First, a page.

Composer Anthony Pateras has two new releases for us today. The first is a second volume of his collected works, featuring 5 ½ hours of music produced between 2005 and 2018. The second finds him back with Sean Baxter and David Brown in a trio format. Pateras/Baxter/Brown’s Bern · Melbourne · Milan is a third release from the group.
Episode 48 of The Moderns, airing Apr. 7 on radioregent.com, will feature an extended package that includes an interview Pateras and I had in March. One section of our chat that won’t air began with a question about his classical music training.
You started on the piano. How does your classical training impact what you do now?
That training gets in your bones. Then you spend the rest of your life trying to get it out of your bones, if you want to be a free musical thinker. Up until recently, I was still hung up on certain things. These weird subconscious pressures and urges, rules and things fed to me as a young musician. Don’t do this, do that. Something’s only good if you do this, and so forth. It’s just a weird, unpleasant way to make music.
Last time I was in Toronto for example, the Toronto Symphony Orchestra played a piece of mine. It was an amazing privilege. I played a piano solo on the Glenn Gould piano there in the foyer of Roy Thomson Hall. It was extraordinary.
But in the rehearsals, there’s just this thing with symphony orchestras. No matter how cool the players are, it’s unionized to the shit. We had half an hour to do this really difficult piece that I wrote. Everyone’s got their eyes on the clock. Musicians are putting their fingers in their ears because the percussion is too loud. People are complaining about how the music is written. And you’ve got half an hour. I mean, is this really what we all want to be doing with our time? Complaining to each other. Loads of money is being spent to make music this way.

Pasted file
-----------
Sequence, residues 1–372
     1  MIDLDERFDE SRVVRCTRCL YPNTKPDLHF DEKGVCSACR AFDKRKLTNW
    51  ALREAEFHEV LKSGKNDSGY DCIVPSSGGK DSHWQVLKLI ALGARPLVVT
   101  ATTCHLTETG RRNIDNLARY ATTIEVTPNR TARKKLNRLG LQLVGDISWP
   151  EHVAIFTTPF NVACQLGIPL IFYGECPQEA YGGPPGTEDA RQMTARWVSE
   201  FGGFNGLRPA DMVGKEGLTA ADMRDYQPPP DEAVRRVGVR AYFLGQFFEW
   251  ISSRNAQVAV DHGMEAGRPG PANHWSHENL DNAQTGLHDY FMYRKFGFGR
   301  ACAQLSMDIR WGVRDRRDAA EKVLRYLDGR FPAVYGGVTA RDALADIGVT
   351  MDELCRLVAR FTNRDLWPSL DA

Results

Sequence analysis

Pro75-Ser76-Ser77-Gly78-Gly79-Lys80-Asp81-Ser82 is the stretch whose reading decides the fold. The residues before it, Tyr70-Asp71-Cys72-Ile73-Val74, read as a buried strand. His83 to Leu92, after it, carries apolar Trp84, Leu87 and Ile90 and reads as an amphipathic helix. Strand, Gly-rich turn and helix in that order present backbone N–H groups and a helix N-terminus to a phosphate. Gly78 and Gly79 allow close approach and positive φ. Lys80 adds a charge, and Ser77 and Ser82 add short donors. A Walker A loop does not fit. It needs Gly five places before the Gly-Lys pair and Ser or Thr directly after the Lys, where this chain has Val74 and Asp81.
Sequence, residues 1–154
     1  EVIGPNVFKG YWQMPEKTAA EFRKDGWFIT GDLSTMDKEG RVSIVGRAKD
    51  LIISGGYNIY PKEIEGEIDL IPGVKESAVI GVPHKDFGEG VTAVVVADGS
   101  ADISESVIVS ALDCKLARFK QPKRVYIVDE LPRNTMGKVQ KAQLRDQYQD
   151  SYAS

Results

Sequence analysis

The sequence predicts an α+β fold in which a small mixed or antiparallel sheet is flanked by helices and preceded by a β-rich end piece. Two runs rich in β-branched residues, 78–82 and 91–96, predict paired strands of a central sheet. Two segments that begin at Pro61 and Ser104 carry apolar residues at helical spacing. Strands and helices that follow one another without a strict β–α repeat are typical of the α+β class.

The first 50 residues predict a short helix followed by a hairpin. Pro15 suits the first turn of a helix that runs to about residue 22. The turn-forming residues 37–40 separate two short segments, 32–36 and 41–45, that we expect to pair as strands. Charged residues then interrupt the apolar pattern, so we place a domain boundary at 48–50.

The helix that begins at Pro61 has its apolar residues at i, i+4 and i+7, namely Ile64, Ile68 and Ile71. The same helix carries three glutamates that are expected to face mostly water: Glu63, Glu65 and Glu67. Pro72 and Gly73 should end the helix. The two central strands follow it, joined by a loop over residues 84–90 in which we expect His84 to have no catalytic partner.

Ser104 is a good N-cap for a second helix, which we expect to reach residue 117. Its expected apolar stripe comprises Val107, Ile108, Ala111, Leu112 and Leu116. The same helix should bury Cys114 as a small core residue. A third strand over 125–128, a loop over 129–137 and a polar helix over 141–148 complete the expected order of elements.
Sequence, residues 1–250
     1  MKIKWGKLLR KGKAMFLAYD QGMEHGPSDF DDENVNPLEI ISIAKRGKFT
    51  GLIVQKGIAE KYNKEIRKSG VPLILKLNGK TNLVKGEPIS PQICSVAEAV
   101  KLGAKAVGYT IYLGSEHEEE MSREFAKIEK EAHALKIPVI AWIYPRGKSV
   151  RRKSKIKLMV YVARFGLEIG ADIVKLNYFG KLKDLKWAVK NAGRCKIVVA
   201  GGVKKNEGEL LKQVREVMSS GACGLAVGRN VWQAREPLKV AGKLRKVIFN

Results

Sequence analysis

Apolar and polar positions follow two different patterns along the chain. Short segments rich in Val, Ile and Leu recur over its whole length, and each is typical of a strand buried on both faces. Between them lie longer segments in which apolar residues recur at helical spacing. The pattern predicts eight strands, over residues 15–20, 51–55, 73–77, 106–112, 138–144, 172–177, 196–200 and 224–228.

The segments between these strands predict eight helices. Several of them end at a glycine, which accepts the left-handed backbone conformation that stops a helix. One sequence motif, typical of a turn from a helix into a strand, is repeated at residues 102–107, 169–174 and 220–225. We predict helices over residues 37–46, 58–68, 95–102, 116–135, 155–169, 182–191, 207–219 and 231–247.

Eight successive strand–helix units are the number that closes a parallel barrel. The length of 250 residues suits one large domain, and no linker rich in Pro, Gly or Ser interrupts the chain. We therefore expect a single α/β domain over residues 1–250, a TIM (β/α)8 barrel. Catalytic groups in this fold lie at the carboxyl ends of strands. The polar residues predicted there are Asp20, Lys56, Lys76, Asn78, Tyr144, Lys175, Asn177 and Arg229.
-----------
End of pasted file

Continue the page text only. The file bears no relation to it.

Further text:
In terms of the classical thing, I just had this moment with myself where I was like, what is this? Why do we have to do this thing this way? I’m certain that other composers in the past have felt the same. It felt like no-one wanted to be there playing this music.
Supposedly progressive orchestras like the New York Philharmonic in the 1960s, playing Cage and Takemitsu, and they’re dragging the composers over the hot coals. Not to mention the insane gender bias in that world. How male and white dominated it is, it’s just insane. In terms of the atmosphere, it’s poisonous air to breathe.
So I’ve tried to create my own world, using those skills. Using the technical skills from that training and from those experiences, and applying them to a whole other thing with musicians who really want to be there. I’m getting way better results.
What you do is far more than a reaction to the kind of environment you’re describing.
Opposition is a really easy position to take. It’s really easy to just stand back and say everything sucks. I’m not doing that at all. I’m talking about finding ways to work. Finding ways to articulate the musical ideas that I want to articulate, in the best way possible. And I’ve just found that the old model of being commissioned for an ensemble that you don’t know – you just turn up, you share no history – is completely outmoded in terms of achieving unique musical outcomes.